April 20, 2014
Sunday, 6:00 p.m.
Letter #327: Sad Days of Joy
April 14 was supposed to be a day of celebration. Since Joe and I are both on the kosher meal plan and attend Messianic Jewish services every Saturday, we’d been looking forward to the biggest celebration of the year—Passover.
For nine days, we will be served Matzo bread at every meal, and lots of fresh fruit like apples and apple juice and even a banana. But the best part of the week-long celebration is the Seder, the Passover meal itself. Due to a clerical error, I wasn’t on the list to participate last year, so my last Seder meal was at my home church years ago. I was excited to go through the “aliyah,” or “going up” process of the fifteen steps of the Passover Seder, which correspond to the fifteen steps in the second Temple leading to the Court of the Israelites.
But early Passover morning, Joe and I were awakened by one of the chaplains at our door, telling Joe that he needed to call home as soon as possible. It is never a good thing when a chaplain has to deliver a message from home, so we both knew what this meant. Immediately, Joe began questioning. “What?!? My mom? But why? I thought she was doing fine!”
I didn’t have answers, so as we quickly got dressed to leave with the chaplain I just kept saying, “I’m sorry, Buddy,” and telling him to wait and see what the news was.
The chaplain took us into an office with a phone as he tried for several long agonizing minutes to get the hospital on the line. I kept trying to calm Joe down, but the unknown was too much for him, his face steeled to hear the worst, his whole body shaking. Our hearts were in our throats. Every second crawled by, and as the chaplain struggled to get the call connected, I read what he’d written on the paper in his hand: “Mom on life support.” I leaned over and told Joe, “She’s not dead, Brother. She’s on life support.” A small consolation, but we could breathe.
The hospital staff was fairly clinical at first, saying Karen is on life support, but she is “comfortable and stable,” which was only more confusing. As we asked questions, the severity of the situation became clear. “She wasn’t able to breathe on her own, so we put her on life support. If we hadn’t, she would have already passed.”
And just like that, the ton of bricks dropped. The walls of the tiny office seemed to press in, and we had to leave. We had to go anywhere, and yet nowhere. The phones in our pod stared blankly at us. Our only connection to the outside world of voices full of love and hope, they had nothing to say. Not today. Not now. Hope was not possible. The hope that Joe would be able to be with his mom when he leaves this place of separation was dying. “Why?” we asked no one, we asked God, we asked inside.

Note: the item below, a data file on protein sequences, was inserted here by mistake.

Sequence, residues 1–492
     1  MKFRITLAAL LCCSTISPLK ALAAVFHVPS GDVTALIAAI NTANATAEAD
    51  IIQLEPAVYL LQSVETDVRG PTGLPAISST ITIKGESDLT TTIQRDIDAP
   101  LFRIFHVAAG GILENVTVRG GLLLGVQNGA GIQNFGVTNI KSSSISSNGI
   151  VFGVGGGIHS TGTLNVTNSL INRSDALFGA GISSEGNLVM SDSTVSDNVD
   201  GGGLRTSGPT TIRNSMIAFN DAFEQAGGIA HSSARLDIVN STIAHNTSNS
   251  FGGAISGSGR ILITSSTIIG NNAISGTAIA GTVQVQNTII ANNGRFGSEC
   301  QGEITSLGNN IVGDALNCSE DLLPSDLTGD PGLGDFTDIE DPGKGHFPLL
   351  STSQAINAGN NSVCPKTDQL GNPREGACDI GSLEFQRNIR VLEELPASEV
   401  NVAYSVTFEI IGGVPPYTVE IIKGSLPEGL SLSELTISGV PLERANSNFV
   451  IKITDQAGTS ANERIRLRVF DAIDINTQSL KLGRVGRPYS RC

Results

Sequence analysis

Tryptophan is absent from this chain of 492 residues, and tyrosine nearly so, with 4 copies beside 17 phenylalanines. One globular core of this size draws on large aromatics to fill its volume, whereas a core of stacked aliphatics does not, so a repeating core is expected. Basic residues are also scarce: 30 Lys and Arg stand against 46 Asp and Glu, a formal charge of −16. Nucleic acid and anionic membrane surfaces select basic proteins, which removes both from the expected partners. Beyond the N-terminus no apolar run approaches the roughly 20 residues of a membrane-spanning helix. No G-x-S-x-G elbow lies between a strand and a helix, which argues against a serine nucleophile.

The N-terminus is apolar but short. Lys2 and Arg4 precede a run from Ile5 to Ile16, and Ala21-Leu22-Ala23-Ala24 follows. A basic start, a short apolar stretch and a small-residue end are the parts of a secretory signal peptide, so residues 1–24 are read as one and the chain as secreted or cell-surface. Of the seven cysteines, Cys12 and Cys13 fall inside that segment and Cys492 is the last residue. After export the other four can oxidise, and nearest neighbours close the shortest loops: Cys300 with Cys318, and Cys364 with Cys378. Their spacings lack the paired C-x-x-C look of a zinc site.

“Seven months!” Joe cried out. “I was going to see her in just seven months!” His grief came pouring out in great sobs of agony. We sat by the silent phones that never ring, crying.
I called my dad, so he could connect me with my mom, visiting my dear Auntie Barbara in Nevada. She’d been asked by Joe’s grandma to tell Joe about his mom, but we already knew, so tears were all we really needed. We then called Joe’s grandma, who said that she planned to go to the hospital with other family, hopefully within a couple of days, to remove Karen from life support.
Back in our cell, Joe let out his frustration, the loss almost unbearable. We talked, recalling his mom’s words to him the last time they spoke: “I love you … You’re my heart. Joe, because of you, I got closer to God.” She’d told him how much she loved God. She’d told my mom that every time she prays, God answers. Was this her acknowledgement that she was leaving? We had to recognize that she was finally ready to meet her Savior.
In prayer, Joe thanked God. On what seemed to be the darkest day, he thanked God for taking care of his mom and for the beautiful privilege of knowing she was headed home. Shock and disbelief faded into the Peace that Defies All Understanding, flooding through his heart.
The Seder was special. The leader cried as he spoke of Joe’s mom, so recently freed from her own land of bondage, headed for the Promised Land. These are tough days in a wilderness for us, indeed.
Thank you for your prayers and notes of support.